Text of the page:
Swimmers Take the Plunge for Victory

Youth Swim Club Captures Fourth Consecutive Title

D. Kevin McNeir | 8/13/2014, 3 p.m.
Swimming tops the list as one of the best forms of exercise, practically working all of the muscles of the ...
Swim club member Lauren Artis takes off with a strong backstroke. (Courtesy of the Theresa Banks Swim Club)

Swimming tops the list as one of the best forms of exercise, practically working all of the muscles of the body and improving strength, cardiovascular fitness and endurance.

However, a group of youth between eight and 18 have added fun and competitiveness to the equation as members of a Prince George’s County swim team. The results have been stellar.

“We started with only five children – three wanted to learn how to swim and two were teenagers and lifeguards who were drafted by their parents – dedicated parents that donated their time, money, talent and energy into building a team,” said Michelle Jordan, president of the Theresa Banks Swim Club.

The nonprofit organization, founded in 1990 in Glenarden, Maryland, had little difficulty finding interested youth who either wanted to feel safe in the water or wanted to compete in state-sanctioned swimming events.

“These [children] bring a new perspective on the sport of swimming in a time when it is always written that blacks don’t swim,” said Jordan, a resident of Landover, Maryland. “They dispel the myth and show me every day that anything is possible if you set goals and put your mind to it. It’s helped me to understand that we must continue to both grow our program and help these youth.”

The swim club practices at the J. Franklyn Bourne Memorial Pool in Seat Pleasant, Maryland and competes in the Prince-Mont Swim League as part of 40 teams in seven divisions. Theresa Banks, one of the teams in the “A Division,” recently won its fourth consecutive divisional – a feat even more impressive because the majority of the swimmers are black.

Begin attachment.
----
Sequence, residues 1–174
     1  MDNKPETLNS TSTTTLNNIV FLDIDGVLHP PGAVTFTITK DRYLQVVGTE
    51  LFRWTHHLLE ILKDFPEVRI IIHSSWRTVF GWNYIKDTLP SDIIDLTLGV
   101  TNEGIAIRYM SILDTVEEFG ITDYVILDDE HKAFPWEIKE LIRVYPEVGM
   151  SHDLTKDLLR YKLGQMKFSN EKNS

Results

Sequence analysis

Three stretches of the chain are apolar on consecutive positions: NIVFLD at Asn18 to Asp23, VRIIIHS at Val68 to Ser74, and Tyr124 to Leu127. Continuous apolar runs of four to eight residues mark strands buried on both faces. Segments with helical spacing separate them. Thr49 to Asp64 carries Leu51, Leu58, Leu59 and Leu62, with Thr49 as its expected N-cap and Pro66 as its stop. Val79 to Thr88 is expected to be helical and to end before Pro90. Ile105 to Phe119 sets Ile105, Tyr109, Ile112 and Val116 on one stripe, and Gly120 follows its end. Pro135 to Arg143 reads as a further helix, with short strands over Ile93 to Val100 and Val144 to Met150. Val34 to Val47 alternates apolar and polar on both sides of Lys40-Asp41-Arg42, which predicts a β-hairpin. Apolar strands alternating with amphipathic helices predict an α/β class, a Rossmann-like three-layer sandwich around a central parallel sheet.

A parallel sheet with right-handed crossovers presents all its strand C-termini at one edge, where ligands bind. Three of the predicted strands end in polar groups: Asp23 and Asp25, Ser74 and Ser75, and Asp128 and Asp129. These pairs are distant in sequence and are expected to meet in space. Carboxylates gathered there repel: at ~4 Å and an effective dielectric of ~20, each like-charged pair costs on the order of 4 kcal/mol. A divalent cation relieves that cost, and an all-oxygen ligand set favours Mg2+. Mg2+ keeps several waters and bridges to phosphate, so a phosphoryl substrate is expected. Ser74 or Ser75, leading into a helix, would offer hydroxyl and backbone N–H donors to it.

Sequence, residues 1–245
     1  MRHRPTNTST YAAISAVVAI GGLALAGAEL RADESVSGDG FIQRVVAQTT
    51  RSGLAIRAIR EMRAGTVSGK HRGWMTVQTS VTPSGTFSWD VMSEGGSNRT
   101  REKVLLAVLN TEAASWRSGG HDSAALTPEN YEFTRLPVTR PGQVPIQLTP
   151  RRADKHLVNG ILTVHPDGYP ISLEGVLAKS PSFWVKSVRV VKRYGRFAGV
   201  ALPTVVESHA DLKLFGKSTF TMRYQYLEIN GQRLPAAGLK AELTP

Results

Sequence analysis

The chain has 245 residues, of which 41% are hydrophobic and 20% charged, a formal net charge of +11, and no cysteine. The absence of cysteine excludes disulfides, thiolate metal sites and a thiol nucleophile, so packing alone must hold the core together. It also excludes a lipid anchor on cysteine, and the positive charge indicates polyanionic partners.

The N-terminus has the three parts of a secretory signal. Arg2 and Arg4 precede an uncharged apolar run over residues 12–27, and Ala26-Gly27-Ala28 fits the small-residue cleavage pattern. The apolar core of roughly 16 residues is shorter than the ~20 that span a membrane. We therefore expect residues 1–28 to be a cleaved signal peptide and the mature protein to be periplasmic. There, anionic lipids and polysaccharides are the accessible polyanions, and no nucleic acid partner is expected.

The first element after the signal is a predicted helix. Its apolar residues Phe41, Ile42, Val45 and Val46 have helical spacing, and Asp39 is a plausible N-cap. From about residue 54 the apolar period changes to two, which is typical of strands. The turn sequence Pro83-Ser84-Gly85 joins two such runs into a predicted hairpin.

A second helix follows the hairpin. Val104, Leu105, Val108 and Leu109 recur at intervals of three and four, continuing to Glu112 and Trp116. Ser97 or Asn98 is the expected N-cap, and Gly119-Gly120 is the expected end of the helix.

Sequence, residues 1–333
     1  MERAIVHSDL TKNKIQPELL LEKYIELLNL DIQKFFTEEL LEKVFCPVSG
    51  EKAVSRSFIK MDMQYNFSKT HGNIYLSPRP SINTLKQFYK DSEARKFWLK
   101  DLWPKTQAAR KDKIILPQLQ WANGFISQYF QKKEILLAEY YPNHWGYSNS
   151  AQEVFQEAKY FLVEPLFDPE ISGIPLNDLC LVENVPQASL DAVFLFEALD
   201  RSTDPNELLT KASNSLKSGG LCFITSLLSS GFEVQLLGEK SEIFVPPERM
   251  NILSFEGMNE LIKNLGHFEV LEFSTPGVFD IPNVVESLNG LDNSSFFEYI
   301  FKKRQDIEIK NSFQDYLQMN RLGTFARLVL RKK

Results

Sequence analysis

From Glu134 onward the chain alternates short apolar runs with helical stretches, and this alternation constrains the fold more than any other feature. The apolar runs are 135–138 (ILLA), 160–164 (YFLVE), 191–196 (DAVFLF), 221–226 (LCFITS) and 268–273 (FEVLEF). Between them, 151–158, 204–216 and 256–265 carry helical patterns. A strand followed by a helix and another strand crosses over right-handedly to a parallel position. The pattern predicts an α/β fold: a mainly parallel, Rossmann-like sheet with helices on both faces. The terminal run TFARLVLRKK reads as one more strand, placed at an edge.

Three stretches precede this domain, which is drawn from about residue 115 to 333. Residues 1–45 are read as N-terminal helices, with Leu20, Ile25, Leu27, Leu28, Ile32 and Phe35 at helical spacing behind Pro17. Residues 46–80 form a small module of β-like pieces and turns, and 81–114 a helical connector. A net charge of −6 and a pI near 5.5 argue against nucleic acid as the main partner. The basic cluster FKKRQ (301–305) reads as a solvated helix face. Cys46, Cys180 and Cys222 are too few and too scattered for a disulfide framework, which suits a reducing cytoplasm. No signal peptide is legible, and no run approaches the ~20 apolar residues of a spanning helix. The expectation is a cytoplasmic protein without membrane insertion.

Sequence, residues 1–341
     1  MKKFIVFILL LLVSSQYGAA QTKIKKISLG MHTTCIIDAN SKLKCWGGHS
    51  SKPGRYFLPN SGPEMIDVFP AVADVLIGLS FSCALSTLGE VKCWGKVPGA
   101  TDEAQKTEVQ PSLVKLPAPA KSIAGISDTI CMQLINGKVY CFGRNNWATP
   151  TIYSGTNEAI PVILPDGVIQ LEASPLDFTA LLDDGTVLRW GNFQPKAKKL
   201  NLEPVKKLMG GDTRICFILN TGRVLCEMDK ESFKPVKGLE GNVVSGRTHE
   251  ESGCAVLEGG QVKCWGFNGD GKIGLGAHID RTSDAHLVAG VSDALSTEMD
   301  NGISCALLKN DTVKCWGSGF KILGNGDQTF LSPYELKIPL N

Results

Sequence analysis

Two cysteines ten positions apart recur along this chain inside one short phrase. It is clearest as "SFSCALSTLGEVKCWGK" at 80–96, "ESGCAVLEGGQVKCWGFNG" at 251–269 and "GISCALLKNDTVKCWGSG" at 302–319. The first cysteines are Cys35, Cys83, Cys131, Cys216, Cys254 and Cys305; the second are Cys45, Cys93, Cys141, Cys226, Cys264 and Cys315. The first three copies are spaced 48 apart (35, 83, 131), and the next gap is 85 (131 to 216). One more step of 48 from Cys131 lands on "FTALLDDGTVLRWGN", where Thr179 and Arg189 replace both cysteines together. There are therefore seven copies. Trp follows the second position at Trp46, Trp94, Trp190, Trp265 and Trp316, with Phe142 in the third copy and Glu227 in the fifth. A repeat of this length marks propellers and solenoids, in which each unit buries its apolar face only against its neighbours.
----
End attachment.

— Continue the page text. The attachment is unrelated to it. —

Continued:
One Southeast resident who now serves as a coach for the team said swimming left an indelible mark on her life.

“I learned many life skills through the sport of swimming – I learned about determination, time management and leadership,” said LaTisha Webb, 29. “I started with the club when I was five and remained until I aged out at 19. I [competed] in college but continued to assist with coaching. It’s great being part of a winning championship team but there’s a bigger picture – showing our youth that with hard work anything is possible.”

The swim club fills a void in the black community that could save young lives. According to the USA Swimming Foundation, about 70 percent of black children, 60 percent of Latino children and 40 percent of white children are non-swimmers. The Centers for Disease Control and Prevention has similar statistics.

“Lack of access and financial constraints account only partly for these numbers,” said author Lynn Sherr in her book, “Swim: Why We Love the Water.” “Fear, cultural factors and even cosmetic issues play a role as well. Once whites discovered swimming, blacks were increasingly excluded from public pools and lifeguarded beaches. As a result, many minority parents never learned how to swim – directly or indirectly, they conveyed their fear of the water to their children.”

One Landover, Maryland teen said since joining the team he has become more outgoing and open to meeting new people.